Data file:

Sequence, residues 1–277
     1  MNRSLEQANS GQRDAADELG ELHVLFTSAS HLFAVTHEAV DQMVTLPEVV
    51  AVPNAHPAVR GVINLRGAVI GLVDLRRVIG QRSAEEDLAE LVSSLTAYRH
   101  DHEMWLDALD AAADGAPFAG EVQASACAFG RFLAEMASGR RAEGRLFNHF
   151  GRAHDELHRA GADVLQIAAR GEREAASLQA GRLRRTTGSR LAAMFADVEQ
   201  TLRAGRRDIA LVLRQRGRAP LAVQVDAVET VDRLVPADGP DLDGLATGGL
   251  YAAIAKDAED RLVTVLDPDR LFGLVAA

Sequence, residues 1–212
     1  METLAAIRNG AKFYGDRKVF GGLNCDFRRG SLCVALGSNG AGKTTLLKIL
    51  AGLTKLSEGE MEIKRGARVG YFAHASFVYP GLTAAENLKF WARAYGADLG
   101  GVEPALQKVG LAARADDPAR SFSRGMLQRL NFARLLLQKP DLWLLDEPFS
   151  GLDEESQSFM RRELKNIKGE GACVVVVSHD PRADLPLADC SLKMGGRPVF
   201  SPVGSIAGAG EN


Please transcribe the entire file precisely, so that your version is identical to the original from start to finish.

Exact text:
Sequence, residues 1–277
     1  MNRSLEQANS GQRDAADELG ELHVLFTSAS HLFAVTHEAV DQMVTLPEVV
    51  AVPNAHPAVR GVINLRGAVI GLVDLRRVIG QRSAEEDLAE LVSSLTAYRH
   101  DHEMWLDALD AAADGAPFAG EVQASACAFG RFLAEMASGR RAEGRLFNHF
   151  GRAHDELHRA GADVLQIAAR GEREAASLQA GRLRRTTGSR LAAMFADVEQ
   201  TLRAGRRDIA LVLRQRGRAP LAVQVDAVET VDRLVPADGP DLDGLATGGL
   251  YAAIAKDAED RLVTVLDPDR LFGLVAA

Sequence, residues 1–212
     1  METLAAIRNG AKFYGDRKVF GGLNCDFRRG SLCVALGSNG AGKTTLLKIL
    51  AGLTKLSEGE MEIKRGARVG YFAHASFVYP GLTAAENLKF WARAYGADLG
   101  GVEPALQKVG LAARADDPAR SFSRGMLQRL NFARLLLQKP DLWLLDEPFS
   151  GLDEESQSFM RRELKNIKGE GACVVVVSHD PRADLPLADC SLKMGGRPVF
   201  SPVGSIAGAG EN